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I have a wordlist that contains returns to separate each new letter. Is there a way to programatically delete each of these returns using file I/O in Python?

Edit: I know how to manipulate strings to delete returns. I want to physically edit the file so that those returns are deleted.

I'm looking for something like this:

wfile = open("wordlist.txt", "r+")           
for line in wfile:
    if len(line) == 0:
        # note, the following is not real... this is what I'm aiming to achieve.
        wfile.delete(line)
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If you have a dictionary in memory, why would you need to involve the file system? –  dorkitude Jan 25 '11 at 7:53
1  
Show what you have so far. –  Ignacio Vazquez-Abrams Jan 25 '11 at 7:55
    
You have a syntax error, the if statement is wrong in two ways, its missing the trailing : and you can't assign in an if statement you want to be using == –  Jakob Bowyer Jan 25 '11 at 9:58
    
Updating a file at the same time you're reading it is tricky. I suggest you create a new file while reading from the current one that has just what you want in it. The answer below show ways to get rid of the returns/newlines in what's being read. –  martineau Jan 25 '11 at 16:38
    
Does the wordlist file have carriage-returns/newlines between each letter or between each word? –  martineau Jan 25 '11 at 16:44

5 Answers 5

up vote 9 down vote accepted
>>> string = "testing\n"
>>> string
'testing\n'
>>> string = string[:-1]
>>> string
'testing'

This basically says "chop off the last thing in the string" The : is the "slice" operator. It would be a good idea to read up on how it works as it is very useful.

EDIT

I just read your updated question. I think I understand now. You have a file, like this:

aqua:test$ cat wordlist.txt 
Testing

This

Wordlist

With

Returns

Between

Lines

and you want to get rid of the empty lines. Instead of modifying the file while you're reading from it, create a new file that you can write the non-empty lines from the old file into, like so:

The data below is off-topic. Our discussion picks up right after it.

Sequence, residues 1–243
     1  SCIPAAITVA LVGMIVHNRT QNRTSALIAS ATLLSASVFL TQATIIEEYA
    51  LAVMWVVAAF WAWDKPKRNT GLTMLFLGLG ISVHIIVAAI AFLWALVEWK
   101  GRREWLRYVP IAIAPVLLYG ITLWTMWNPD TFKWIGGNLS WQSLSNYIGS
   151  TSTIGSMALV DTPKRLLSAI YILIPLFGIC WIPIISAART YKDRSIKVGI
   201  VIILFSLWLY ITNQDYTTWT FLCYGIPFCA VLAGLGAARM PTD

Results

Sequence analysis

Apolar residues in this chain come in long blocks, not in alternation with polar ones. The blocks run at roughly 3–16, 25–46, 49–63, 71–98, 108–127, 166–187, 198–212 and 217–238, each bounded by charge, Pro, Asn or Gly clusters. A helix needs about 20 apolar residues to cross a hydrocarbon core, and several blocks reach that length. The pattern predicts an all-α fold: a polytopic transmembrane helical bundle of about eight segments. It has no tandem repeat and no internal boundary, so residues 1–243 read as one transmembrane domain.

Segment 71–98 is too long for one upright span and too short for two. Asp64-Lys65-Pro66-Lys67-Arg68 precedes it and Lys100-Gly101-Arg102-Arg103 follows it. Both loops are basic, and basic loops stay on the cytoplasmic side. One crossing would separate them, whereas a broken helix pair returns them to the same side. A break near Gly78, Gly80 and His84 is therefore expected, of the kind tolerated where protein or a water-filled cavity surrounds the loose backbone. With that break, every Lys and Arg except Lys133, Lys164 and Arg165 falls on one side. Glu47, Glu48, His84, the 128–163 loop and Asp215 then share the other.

# script    
rf = open("wordlist.txt")
wf = open("newwordlist.txt","w")
for line in rf:
    newline = line.rstrip('\r\n')
    wf.write(newline)
    wf.write('\n') # last line of script

You should get:

aqua:test$ cat newwordlist.txt 
Testing
This
Wordlist
With
Returns
Between
Lines

If you want something like

TestingThisWordlistWithReturnsBetweenLines

just comment out the last line of the script

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What happens if somehow a string like this gets passed to your "chopper" "test"[:-1] –  Jakob Bowyer Jan 25 '11 at 9:58

You can use a string's rstrip method to remove the newline characters from a string.

>>> 'something\n'.rstrip('\r\n')
>>> 'something'
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The most efficient is to not specify a strip value

'\nsomething\n'.split() will strip all special characters and whitespace from the string

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Remove empty lines in the file:

#!/usr/bin/env python
import fileinput

for line in fileinput.input("wordlist.txt", inplace=True):
    if line != '\n':
       print line,

The file is moved to a backup file and standard output is directed to the input file.

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simply use, it solves the issue.

   string.strip("\r\n")
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